Does A Change In Image Makeover Await The Body Shop Once L’Oreal Sells It?

by Trefis Team
Rate   |   votes   |   Share

A few months back we discussed how the global beauty leader, L’Oreal, was on the lookout for buyers to sell its natural and organic beauty brand, The Body Shop. There have been developments in that area that might suggest that The Body Shop’s erstwhile all natural, organic, and ethical image might undergo a major makeover in case things go a certain way. Also, the forecasts for the brand’s future profitability seem weak, thereby signaling that L’Oreal might not be able to sell the company for the price it originally hoped for, that is, a possible value between €800 million to €1 billion.

The Body Shop’s Dwindling Performance 

According to reports, L’Oreal has mentioned that The Body Shop’s earnings before interest, tax, depreciation and amortization (EBITDA) might decline from €80 million in 2016 to €65 million in 2017. Its cash flow is also expected to be around €15 million this year, around half that of 2016. The Body Shop’s financial report card has displayed persistent deterioration over the last few years.

Offers On The Table

Some of the offers that The Body Shop received till now are from CVC Capital Partners, the erstwhile owners of Formula One motor racing; Investindustrial, the Italian investor that owns stakes in companies like Aston Martin and Sergio Rossi; and Fosun, a Chinese conglomerate. Investindustrial is said to have invited the investment arm of Chinese e-Commerce giant Alibaba’s founder Jack Ma to submit a joint bid amounting to over €800 million.

Will There Be An Image Makeover For The Body Shop?

It is noteworthy to mention here that selling the brand to a Chinese investor might signal the end of the ethical era for The Body Shop as China has a history of unethical beauty practices, including animal testing. The Body Shop was founded in 1976 by Anita Roddick as an ethical and environment friendly brand which never subscribed to practices like animal testing. However, currently the brand is under threat by bigger and more powerful competitors in this field, such as premium ethical brands like Dr. Hauschka, Chantecaille, and Lush and Neal’s Yard.

The brand might need to seriously think about its image in order to once again appeal to its consumer base. One of the reasons for its declining popularity is that after L’Oreal bought the company from Ms. Roddick in 2006, the ethical fiber of the company has eroded gradually. Though the company is making new promises to reinvent and reinforce its older image once more under its current CEO, Jeremy Schwartz, however, the brand has a tough challenge ahead of itself.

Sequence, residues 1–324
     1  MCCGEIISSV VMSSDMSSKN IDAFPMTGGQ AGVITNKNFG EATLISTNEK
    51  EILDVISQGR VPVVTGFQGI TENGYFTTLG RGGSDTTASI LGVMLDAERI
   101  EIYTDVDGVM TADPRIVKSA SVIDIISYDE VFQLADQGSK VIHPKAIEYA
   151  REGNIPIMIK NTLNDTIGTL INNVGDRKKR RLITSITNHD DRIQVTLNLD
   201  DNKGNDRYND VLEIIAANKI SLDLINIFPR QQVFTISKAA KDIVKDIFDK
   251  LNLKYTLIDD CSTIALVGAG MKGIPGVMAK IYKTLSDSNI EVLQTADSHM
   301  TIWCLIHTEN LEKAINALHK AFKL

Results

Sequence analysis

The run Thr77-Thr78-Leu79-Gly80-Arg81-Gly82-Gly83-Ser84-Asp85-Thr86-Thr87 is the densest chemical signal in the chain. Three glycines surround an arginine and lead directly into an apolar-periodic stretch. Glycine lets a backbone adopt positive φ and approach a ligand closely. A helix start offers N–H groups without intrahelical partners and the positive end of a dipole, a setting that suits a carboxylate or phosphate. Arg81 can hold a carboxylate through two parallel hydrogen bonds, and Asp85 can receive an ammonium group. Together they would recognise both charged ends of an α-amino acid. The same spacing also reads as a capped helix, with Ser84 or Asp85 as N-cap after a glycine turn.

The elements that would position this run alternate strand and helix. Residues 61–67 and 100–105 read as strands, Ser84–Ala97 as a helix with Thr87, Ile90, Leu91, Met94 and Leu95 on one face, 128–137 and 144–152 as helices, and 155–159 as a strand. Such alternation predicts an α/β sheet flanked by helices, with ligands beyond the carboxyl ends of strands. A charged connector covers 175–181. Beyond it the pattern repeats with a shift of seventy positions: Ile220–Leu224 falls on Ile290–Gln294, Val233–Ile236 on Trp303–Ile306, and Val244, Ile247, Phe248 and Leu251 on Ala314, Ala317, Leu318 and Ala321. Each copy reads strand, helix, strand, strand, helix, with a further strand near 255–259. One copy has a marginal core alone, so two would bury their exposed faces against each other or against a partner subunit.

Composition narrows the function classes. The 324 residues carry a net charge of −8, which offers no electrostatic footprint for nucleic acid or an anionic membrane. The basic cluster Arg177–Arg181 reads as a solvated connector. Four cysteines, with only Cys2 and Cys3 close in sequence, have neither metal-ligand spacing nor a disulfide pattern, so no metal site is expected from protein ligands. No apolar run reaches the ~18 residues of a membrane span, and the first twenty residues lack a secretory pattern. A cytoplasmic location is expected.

In its choice of either becoming a mass market commercial brand (like a Maybelline or a Garnier) or a brand built over social and environment consciousness, it seems that The Body Shop might opt for the former image in case it is taken over by a Chinese company. In case that happens, it will be interesting to see how customers will react to its newly positioned brand image. It is more common to see brands become more socially conscious with age, to opt for the opposite path might generate doubts about the brand’s core principles in the customer’s minds. However, if the brand completely reinvents itself in terms of offerings, brand messaging etc, and also if it becomes a part of a bigger beauty company that molds it according to its image, then there are chances that The Body Shop might just click once again with beauty users.

Editor’s Note: We care deeply about your inputs, and want to ensure our content is increasingly more useful to you. Please let us know what/why you liked or disliked in this article, and importantly, alternative analyses you want to see. Drop us a line at


1) The purpose of these analyses is to help readers focus on a few important things. We hope such communication sparks thinking, and encourages readers to comment and ask questions on the comment section, or email
2) Figures mentioned are approximate values to help our readers remember the key concepts more intuitively. For precise figures, please refer to our complete analysis for L’Oreal

See More at Trefis | View Interactive Institutional Research (Powered by Trefis)

Get Trefis Technology

Rate   |   votes   |   Share


Name (Required)
Email (Required, but never displayed)
Be the first to comment!